SOCHI, Russia, Dec. 24 (UPI) -- The head of the Russian Olympic Committee downplayed a decision by U.S. President Barack Obama not to attend the Sochi Games, denying there is a "boycott."
Alexander Zhukov, the head of the Russian Olympic organization, a former deputy prime minister and close ally of Russian President Vladimir Putin said Obama's decision to stay away from the event will have no bearing on the Games' success. Zhukov noted Obama has not attended any other Olympics during his presidency, the Russian sports news agency R-sport reported Tuesday.
"The point is the competition and not that 20 or 30 leaders come to the opening ceremony," Zhukov said. "Obama can't come? Well, he hasn't been to a single Games during his time in the presidency. It doesn't reflect on the quality of the Games in any way. Regarding a boycott, I haven't heard a single announcement about that. No one's discussing that seriously, neither at the IOC [International Olympic Committee], nor at government level."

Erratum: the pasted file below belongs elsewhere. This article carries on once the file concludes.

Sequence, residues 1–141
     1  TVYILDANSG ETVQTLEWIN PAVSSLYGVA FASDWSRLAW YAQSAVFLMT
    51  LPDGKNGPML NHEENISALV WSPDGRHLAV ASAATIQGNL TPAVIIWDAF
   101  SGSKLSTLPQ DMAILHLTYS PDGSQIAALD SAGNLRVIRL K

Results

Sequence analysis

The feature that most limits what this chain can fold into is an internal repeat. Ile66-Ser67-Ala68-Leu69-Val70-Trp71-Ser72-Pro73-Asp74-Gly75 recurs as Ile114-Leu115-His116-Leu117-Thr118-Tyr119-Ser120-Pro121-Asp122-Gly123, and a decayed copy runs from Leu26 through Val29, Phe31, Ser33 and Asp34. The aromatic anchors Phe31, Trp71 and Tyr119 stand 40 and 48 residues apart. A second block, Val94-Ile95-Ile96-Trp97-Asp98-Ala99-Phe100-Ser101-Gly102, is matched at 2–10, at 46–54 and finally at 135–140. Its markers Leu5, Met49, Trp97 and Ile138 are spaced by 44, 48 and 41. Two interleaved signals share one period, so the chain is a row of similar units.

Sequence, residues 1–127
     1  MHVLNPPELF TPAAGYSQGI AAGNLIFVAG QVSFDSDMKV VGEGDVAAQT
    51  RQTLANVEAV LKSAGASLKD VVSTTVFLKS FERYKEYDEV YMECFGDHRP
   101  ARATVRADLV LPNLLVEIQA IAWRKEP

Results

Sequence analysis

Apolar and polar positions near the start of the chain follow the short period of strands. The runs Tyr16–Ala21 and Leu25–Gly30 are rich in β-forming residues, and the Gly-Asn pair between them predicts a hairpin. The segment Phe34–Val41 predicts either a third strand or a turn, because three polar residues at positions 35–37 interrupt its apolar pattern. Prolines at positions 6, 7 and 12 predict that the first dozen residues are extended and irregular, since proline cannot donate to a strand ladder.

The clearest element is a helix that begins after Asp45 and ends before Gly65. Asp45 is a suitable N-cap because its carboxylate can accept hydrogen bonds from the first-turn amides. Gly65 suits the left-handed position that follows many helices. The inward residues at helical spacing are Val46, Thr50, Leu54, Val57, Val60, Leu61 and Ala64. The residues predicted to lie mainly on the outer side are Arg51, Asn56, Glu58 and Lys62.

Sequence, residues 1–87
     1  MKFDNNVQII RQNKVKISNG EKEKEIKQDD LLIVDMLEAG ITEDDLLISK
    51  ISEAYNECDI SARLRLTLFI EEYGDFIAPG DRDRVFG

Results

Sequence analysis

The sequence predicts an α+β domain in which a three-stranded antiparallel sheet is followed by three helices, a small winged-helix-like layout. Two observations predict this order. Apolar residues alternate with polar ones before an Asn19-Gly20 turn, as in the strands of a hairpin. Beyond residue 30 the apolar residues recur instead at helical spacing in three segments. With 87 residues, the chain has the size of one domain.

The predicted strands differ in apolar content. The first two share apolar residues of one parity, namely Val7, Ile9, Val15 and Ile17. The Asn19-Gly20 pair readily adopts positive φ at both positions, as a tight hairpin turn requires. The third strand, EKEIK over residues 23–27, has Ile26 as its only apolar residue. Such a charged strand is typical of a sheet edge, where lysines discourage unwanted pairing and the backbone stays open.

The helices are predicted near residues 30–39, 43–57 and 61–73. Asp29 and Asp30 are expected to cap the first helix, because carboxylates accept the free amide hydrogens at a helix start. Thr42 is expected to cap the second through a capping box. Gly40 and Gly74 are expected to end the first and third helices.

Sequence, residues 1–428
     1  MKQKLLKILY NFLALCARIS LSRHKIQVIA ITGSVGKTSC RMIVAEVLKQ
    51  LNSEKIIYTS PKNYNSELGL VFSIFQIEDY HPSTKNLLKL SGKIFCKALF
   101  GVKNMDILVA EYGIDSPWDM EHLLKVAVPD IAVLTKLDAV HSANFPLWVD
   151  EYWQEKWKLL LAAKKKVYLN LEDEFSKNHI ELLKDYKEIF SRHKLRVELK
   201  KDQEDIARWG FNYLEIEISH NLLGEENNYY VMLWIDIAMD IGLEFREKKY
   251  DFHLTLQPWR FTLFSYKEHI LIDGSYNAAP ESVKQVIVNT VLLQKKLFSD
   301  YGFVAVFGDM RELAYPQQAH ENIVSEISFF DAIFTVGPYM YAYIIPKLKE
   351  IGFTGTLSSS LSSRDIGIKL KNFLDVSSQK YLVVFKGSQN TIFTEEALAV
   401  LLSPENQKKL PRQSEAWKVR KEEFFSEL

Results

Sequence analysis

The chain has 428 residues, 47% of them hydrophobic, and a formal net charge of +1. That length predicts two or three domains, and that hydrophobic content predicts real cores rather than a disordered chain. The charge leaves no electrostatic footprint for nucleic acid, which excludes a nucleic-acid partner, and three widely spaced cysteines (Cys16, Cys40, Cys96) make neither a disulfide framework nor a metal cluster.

In addition to Obama's official declination, French President Francois Hollande and German President Joachim Gauck have said they will not attend. German Chancellor Angela Merkel has hinted she will also stay away.
International leaders have expressed their displeasure with Russia's treatment of gays and other human rights issues. The official U.S. delegation includes two openly gay athletes, tennis player Billie Jean King and women's hockey player Caitlin Cahow. King's presence as a non-athlete member of the delegation in particular has been seen as a protest measure by the United States against Russia's recently enacted anti-gay "propaganda" laws that prohibit gays from living openly in Russian society.